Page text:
Principle Blog Series: Part 5 of 7-Minimize Campfire Impacts

Minimize Campfire Impacts is the 5 th of 7 Leave No Trace Principles . If you close your eyes and think about some of your earliest camping experiences, there is a good chance that a campfire is included in your reflection. It is important to note that Leave No Trace is not against campfires, but please be aware of responsible practices. Some other points to consider about Minimizing Campfire Impacts are: Campfires can cause lasting impacts to the backcountry. Use a lightweight stove for cooking and enjoy a candle lantern for light. Where fires are permitted, use established fire rings, fire...

Summer Camp Staff Training and Leave No Trace

Estes Park, Colorado: Since 1921, Camp Cheley has been helping their campers get outdoors to experience the wild Colorado Rocky Mountains. ​Campers at Cheley don't have to go far to feel immersed in the outdoors, campus is based just outside of Rocky Mountain National Park and has a plethora of residential wildlife including deer, elk, and bears. Cheley's programs like backpacking, horseback riding, mountain biking, and rafting encourage campers to have new exciting experiences while developing ethics and care for their outdoor spaces. At Cheley, Leave No Trace isn't just a...

Cleanest Campsite Challenge at Planet Bluegrass Festival

Telluride, CO: Planet Bluegrass holds world-class music festivals in Colorado including Telluride Bluegrass Festival, RockyGrass, and FolksFest. The festival organizers take their green initiatives seriously. Providing campers with compost, recycle, and trash receptacles, using EcoProducts to minimize vendor single-use plastics, and partnering with Leave No Trace to educate visitors on responsible camping as well as awarding sustainable camps with prizes and tickets during the Cleanest Campsite Challenge held at each Planet Bluegrass festival. During the 44th Annual Telluride...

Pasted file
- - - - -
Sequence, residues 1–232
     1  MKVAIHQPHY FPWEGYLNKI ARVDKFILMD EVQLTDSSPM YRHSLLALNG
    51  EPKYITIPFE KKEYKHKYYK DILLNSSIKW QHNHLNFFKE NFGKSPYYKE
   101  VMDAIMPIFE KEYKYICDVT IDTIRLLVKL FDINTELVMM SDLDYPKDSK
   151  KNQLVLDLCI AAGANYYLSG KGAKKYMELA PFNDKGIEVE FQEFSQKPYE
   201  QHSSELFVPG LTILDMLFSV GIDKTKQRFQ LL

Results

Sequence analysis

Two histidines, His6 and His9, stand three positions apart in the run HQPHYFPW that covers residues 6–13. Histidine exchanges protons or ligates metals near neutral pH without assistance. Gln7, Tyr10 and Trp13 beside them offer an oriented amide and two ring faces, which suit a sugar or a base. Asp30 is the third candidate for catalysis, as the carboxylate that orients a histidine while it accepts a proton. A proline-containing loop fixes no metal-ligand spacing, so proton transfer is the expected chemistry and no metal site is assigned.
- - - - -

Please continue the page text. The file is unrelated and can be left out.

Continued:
Are You a Considerate Mountain Biker?

Worley, ID : Whether you travel on two feet or on two wheels, word on the trail is that mountain bikers and hikers CAN get along! Are you a considerate mountain biker? Find out if the cyclist in our video can win over the wary hiker and read on for easy things you can do to be a bike ambassador on the trail. 1. Mountain bikers yield to everyone else. Because of their speed and mechanical advantage, cyclists should pause and move off trail, if necessary, to allow hikers and horses to safely pass. For an easy way to yield the trail AND look pro, practice the...

Leave No Trace Skills: Hammock Camping

Bar Harbor, ME: Did you know… Hammocks generally leave a very small footprint and are good examples of minimum impact shelters? There is nothing better than hanging tree side in your hammock for a bit of relaxation. Keep reading to learn how to protect your campsite from potential hammock specific impacts. If you are new to hammock camping or already have a bit of experience the following are a few tricks that will help you to lounge in the most Leave No Trace way. Good campsites are found not made. Set up your hammock camp at least 200 feet from water, trails and other...